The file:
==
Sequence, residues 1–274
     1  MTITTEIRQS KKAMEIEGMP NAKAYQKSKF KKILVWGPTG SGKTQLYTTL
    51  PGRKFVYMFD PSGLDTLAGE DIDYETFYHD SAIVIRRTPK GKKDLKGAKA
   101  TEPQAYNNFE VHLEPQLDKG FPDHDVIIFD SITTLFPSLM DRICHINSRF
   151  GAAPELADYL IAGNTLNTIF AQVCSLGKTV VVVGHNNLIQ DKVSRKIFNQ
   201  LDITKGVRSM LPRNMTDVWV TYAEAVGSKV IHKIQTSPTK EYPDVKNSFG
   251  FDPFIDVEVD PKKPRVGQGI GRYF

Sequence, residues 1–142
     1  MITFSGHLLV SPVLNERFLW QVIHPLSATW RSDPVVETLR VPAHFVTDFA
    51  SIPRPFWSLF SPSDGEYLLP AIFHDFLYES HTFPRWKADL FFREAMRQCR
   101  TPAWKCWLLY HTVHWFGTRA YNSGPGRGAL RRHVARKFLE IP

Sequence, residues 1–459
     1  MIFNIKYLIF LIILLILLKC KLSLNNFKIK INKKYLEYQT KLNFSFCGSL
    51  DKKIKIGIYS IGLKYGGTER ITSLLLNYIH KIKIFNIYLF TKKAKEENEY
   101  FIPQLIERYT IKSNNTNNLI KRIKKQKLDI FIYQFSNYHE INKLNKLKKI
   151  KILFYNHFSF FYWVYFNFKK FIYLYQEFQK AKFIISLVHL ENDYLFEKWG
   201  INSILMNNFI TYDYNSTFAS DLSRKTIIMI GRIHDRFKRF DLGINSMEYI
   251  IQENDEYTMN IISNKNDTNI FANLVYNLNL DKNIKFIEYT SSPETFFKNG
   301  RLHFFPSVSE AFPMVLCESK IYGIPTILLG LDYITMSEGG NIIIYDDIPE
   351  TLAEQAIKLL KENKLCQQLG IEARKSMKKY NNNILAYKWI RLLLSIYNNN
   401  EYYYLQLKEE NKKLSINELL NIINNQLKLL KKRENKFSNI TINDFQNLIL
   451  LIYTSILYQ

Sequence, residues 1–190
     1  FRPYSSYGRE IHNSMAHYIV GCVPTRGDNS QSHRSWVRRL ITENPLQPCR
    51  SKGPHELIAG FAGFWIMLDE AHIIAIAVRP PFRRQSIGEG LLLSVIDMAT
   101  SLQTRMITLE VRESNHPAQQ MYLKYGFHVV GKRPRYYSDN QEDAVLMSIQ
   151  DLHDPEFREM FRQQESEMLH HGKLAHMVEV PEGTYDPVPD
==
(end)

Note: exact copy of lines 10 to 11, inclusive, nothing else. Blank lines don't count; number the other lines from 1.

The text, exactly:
    51  SIPRPFWSLF SPSDGEYLLP AIFHDFLYES HTFPRWKADL FFREAMRQCR
   101  TPAWKCWLLY HTVHWFGTRA YNSGPGRGAL RRHVARKFLE IP